Disney'sfirst homegrown computer-animated film is one of the more painful moviegoingexperiences in years, a contrived bit of barnyard pat dubbed Chicken Little.
Despite itssleek spaceships and cute animal antics - all lovingly rendered digitally forsure - Chicken Little slips smoothly and swiftly into the role of anattention-hungry and awkward younger sibling who's desperate to emulate apopular older brother.
UnlikePixar's The Incredibles or Finding Nemo, which are visuallybreathtaking masterpieces, Chicken Little is an uneven picturewith cliches-a-plenty and family story executed more successfully in other,proven titles.
The filmpits its inventive, bespectacled title character Chicken Little (Zach Braff)against the alien forces apparently threatening his lovely farmish community.One simple misunderstanding about the sky falling - in which he spreads massparanoia while swinging comically from a school bell like a miniature Quasimodo- seems enough to label our plucky hero a pariah. He apparently even warrantsa "Crazy Little Chicken" movie.
Unable tolive down the embarrassment, and faced with a mortified - and widowed - father(Gary Marshall), Chicken Little decides to prove himself in something that, atfirst glance, may not seem like a natural fit: baseball. Just when the chickthinks he might be able to put the whole incident behind him, another piece ofsky knocks him out cold.
Directed byMark Dindal from a script credited to Robert L. Baird, Steve Bencich, Ron J.Friedman, and Dan Gerson, Chicken Little fails to do more than presenta pretty picture show with out much substance. The feathers were a little toofeathery, the angles a little too angled, especially when juxtaposed againstother surfaces which obviously hadn't received as much attention.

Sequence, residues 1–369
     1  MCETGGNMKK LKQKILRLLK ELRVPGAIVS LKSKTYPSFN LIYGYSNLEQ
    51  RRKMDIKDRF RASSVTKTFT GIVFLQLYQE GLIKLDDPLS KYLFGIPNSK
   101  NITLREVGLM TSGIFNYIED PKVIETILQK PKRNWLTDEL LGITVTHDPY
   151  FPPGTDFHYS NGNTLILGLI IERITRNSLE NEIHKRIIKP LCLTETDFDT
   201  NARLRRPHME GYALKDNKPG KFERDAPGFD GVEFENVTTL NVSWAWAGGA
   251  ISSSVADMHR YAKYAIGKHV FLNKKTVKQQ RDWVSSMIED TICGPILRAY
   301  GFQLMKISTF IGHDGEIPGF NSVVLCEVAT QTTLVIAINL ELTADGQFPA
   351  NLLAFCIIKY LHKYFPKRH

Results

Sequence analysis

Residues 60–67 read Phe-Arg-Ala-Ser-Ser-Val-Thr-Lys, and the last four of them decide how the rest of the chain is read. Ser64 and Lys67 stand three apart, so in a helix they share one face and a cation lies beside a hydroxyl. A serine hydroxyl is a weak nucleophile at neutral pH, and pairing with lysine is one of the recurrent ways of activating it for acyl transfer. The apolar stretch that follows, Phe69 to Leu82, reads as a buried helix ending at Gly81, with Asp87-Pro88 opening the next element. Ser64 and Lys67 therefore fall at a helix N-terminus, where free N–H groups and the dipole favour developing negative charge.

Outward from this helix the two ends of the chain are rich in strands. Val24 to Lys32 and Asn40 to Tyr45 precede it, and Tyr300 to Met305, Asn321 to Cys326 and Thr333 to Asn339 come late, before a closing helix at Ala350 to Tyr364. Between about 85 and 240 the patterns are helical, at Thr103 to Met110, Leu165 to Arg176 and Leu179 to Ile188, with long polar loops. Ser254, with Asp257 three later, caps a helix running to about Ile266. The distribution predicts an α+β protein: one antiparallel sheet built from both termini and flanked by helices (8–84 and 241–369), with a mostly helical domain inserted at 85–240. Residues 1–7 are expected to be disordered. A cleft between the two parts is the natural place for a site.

EvenChicken Little's faithful entourage - a chunky pig named Runt of the Litter(Steve Zahn) and the ducky Abby Mallard (Joan Cusack) - fall flat after anunrelenting succession of single-punchline jokes and non-sequiturs, with sophomoricbelching jokes thrown in for good measure. The story's most expressivecharacter happens to be mute, a helmet-crowned goldfish called Fish Out ofWater with a penchant for theatrics.
It'spossibly that we've been spoiled by the sophistication of solid storytelling ofother contemporary animation tales, but the less-than-subtle transparency of ChickenLittle's father-son conflict hits hernia-inducing heights.
Disneymayhave made a mistake shutting down its traditional 2D animation studio, butsevering its ties with Pixar has only landed it with egg on its face.
(Chicken Little opens November 4. Running time: 81minutes, Rated G).